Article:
In this episode of Psychedelics Weekly, Joe and Kyle join up once again to discuss the news and articles they found the most interesting this week.
They start with the business news everyone is talking about: Field Trip Health & Wellness closing 5 of their clinics due to financial struggles (a deficit of $48.7 million since their inception and a net loss of $6.9 million reported for the last quarter), little confidence they’d be able to receive more funding, and the changing landscape of ketamine telehealth now that the Covid Public Health Emergency should finally come to an end in May. They also highlight an article dissecting the collapse of Synthesis Institute and the lessons to be learned, with both stories really showing just how new and unstable psychedelic business still is, and how the allure of first-mover advantage can be a dangerous gamble.
They also discuss four drug reform bills introduced in Vermont: two of which would decriminalize simple possession of all drugs, making a “personal use supply of drugs” a civil offense with a $50 fine; one removing penalties for using or selling psilocybin; and the last decriminalizing certain psychedelic plants and fungi.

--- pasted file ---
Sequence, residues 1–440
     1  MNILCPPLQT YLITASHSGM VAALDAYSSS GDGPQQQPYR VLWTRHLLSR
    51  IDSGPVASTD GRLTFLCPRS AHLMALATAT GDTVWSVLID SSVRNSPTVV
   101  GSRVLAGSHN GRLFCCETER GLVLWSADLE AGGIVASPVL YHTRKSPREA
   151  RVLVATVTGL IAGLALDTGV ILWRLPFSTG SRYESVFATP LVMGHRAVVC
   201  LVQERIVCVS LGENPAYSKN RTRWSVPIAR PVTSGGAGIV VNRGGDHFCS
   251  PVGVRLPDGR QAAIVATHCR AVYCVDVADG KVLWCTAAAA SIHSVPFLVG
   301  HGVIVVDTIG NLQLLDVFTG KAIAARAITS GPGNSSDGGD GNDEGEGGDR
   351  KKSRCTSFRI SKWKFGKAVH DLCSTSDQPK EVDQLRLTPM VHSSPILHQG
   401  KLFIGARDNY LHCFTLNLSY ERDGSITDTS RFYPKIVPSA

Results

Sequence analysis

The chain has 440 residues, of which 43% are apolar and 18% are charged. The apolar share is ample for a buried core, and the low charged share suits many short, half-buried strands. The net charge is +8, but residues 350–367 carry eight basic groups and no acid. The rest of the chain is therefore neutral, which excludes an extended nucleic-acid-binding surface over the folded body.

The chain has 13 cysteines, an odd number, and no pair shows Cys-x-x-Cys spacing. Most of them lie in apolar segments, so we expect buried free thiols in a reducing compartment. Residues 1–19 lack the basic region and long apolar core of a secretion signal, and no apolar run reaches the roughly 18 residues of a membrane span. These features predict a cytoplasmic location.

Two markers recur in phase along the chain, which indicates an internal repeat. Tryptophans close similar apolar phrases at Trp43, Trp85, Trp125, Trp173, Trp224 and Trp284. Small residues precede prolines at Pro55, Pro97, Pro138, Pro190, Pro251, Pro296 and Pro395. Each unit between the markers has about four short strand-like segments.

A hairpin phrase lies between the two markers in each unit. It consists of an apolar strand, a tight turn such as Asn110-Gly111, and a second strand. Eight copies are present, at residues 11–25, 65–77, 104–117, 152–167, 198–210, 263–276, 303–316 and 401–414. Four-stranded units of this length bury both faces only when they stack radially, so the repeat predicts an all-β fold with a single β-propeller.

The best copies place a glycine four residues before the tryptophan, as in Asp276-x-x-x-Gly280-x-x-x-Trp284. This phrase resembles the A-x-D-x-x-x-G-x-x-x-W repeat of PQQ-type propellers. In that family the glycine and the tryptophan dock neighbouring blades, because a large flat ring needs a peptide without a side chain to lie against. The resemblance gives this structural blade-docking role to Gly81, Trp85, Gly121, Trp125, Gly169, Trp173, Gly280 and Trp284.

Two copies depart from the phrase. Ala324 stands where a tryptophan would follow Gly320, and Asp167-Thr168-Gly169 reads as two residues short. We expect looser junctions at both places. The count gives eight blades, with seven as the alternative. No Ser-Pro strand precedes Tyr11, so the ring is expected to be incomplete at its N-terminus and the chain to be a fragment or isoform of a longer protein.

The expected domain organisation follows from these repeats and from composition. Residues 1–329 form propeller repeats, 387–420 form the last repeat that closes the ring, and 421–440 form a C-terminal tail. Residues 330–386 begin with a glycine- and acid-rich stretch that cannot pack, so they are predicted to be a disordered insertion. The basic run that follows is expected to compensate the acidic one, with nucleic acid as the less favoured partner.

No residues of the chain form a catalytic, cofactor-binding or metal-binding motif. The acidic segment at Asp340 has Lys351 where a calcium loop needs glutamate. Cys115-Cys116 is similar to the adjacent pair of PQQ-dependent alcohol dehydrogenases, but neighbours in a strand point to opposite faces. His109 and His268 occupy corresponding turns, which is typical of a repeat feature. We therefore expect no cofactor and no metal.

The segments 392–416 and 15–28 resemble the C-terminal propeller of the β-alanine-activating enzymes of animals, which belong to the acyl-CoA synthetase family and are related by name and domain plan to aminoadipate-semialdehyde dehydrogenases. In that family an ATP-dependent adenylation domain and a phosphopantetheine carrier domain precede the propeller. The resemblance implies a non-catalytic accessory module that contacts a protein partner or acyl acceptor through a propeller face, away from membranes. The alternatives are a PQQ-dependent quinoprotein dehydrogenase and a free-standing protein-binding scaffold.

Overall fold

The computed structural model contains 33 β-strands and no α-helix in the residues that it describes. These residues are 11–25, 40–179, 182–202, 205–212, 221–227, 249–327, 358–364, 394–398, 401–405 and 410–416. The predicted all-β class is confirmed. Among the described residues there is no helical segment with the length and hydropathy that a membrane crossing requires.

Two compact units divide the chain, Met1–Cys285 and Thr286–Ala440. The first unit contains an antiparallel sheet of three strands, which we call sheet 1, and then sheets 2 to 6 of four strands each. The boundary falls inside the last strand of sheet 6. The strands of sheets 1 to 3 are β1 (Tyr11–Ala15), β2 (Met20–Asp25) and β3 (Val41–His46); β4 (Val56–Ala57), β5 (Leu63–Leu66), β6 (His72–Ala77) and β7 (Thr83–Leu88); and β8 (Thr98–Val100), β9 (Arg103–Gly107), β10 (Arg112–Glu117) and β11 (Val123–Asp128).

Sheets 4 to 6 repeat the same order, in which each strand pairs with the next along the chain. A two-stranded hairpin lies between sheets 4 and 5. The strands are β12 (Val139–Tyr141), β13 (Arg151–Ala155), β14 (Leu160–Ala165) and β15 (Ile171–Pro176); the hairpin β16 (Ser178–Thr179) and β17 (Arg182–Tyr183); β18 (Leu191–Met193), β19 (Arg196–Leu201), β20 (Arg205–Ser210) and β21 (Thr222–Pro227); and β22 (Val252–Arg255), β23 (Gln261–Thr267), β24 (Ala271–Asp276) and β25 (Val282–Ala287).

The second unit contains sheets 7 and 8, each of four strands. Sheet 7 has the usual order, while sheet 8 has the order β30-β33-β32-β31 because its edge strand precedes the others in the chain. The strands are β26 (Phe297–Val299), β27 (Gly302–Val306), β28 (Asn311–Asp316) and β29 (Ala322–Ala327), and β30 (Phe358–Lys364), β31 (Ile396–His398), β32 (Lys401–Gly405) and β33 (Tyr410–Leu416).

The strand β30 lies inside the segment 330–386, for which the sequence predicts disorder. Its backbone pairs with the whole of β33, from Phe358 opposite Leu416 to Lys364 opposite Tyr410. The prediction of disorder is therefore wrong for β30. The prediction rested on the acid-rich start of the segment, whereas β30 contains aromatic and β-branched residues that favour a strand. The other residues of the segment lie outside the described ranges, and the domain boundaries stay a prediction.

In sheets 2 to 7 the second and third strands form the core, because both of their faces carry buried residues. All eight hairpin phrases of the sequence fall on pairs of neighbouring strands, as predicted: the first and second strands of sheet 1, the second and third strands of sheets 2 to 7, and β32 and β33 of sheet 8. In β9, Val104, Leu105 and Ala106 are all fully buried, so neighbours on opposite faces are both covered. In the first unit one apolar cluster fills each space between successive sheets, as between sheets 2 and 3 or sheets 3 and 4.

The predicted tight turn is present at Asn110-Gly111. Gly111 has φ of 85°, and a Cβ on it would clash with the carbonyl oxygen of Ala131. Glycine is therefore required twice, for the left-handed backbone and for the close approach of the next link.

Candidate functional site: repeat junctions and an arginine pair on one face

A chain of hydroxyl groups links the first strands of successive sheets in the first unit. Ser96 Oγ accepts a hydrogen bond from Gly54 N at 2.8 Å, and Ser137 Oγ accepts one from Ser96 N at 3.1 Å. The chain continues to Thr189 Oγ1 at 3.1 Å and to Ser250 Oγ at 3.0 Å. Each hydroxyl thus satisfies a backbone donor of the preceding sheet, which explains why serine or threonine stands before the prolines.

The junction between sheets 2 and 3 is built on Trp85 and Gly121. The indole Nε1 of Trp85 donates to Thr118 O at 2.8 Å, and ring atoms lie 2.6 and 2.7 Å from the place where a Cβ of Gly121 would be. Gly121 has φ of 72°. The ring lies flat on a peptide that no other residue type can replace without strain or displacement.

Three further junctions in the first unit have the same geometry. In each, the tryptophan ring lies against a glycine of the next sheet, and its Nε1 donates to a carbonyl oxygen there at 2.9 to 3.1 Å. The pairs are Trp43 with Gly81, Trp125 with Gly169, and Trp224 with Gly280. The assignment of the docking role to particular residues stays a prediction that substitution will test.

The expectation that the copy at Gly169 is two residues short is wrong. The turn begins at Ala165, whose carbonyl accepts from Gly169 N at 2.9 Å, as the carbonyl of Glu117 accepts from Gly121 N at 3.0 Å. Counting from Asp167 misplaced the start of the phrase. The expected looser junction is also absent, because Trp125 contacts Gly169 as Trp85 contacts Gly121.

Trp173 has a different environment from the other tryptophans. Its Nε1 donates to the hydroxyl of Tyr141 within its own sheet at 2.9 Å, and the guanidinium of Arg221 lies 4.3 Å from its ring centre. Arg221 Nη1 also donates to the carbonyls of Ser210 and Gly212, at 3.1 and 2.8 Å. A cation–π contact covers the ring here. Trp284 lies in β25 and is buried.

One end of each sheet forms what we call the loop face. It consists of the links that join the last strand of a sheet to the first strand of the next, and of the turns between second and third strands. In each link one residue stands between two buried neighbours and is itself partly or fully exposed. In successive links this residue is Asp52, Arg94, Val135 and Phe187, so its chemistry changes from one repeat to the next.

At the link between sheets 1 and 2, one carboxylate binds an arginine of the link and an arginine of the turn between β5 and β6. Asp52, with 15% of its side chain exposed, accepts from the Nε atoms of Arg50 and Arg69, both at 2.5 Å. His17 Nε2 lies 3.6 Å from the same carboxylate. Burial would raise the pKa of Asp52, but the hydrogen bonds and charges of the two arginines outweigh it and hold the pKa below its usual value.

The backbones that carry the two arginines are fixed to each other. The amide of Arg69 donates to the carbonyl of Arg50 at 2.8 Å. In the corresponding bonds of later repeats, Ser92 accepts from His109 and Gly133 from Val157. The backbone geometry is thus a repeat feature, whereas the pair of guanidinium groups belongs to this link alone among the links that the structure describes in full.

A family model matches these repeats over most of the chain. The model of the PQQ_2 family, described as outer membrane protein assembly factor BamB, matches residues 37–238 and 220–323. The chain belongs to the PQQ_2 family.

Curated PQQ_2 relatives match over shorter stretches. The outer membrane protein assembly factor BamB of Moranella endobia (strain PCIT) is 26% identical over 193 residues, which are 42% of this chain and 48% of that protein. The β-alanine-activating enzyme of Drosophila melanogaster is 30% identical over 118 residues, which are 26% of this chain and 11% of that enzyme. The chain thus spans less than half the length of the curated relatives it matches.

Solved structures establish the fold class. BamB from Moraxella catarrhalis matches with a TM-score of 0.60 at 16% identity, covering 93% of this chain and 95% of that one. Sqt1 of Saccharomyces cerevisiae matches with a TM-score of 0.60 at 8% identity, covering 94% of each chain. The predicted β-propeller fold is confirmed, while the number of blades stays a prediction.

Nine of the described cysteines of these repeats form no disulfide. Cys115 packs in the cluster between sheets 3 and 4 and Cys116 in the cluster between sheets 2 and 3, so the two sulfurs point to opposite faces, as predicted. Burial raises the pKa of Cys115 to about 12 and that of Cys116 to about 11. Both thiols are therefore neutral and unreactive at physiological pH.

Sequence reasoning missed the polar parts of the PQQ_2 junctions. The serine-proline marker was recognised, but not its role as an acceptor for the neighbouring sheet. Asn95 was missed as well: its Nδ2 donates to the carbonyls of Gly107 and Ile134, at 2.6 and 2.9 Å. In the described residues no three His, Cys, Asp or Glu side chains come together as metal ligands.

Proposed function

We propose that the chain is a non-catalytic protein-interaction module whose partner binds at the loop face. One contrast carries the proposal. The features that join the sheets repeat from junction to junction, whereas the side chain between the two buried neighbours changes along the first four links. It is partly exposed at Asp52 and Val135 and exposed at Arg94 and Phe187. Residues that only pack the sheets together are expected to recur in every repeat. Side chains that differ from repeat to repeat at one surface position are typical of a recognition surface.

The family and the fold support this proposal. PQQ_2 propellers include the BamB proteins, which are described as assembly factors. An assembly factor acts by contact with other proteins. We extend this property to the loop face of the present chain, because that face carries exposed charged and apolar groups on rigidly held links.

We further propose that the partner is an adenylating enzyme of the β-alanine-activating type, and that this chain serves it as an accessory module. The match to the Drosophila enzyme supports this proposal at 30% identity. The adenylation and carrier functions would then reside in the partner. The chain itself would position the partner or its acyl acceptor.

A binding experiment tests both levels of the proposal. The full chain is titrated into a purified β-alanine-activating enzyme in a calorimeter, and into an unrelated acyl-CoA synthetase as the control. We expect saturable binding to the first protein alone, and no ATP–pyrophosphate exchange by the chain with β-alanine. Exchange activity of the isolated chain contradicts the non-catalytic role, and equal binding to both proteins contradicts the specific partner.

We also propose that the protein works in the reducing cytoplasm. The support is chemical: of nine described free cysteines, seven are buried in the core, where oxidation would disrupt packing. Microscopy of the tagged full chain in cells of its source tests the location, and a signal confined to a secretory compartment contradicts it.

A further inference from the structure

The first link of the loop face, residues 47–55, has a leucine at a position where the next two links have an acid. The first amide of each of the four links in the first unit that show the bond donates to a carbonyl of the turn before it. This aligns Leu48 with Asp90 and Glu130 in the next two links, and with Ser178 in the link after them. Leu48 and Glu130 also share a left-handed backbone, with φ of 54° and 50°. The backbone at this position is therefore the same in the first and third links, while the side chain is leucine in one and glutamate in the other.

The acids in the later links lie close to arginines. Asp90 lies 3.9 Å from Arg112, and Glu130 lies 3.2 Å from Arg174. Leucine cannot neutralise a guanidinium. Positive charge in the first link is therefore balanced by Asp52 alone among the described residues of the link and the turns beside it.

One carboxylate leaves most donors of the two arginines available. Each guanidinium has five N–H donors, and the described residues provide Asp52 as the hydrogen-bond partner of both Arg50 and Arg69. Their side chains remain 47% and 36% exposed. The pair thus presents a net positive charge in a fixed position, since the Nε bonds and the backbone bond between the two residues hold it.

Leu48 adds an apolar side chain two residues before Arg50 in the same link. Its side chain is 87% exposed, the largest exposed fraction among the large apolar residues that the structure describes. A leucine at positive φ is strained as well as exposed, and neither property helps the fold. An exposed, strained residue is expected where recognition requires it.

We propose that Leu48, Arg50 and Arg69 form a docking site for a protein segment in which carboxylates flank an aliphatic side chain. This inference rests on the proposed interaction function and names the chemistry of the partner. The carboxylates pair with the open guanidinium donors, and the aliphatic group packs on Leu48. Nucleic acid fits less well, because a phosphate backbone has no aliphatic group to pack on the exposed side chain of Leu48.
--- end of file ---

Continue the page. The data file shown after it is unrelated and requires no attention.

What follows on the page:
And they look at a research study aiming to learn more about people’s lives after they’ve been involved in a clinical trial, Time Magazine’s article about psychedelics and couples therapy, and a study that found that while 64% of survey respondents said at-home ketamine helped their symptoms, 55% (and 58% of Millennials) said they used more than the recommended dose – either by accident or on purpose.
Twitter: @Eddietalksdrugs(Have you participated in a clinical trial involving #psilocybin-assisted psychotherapy? How has life been after the trial? Contact email@example.com for more information.)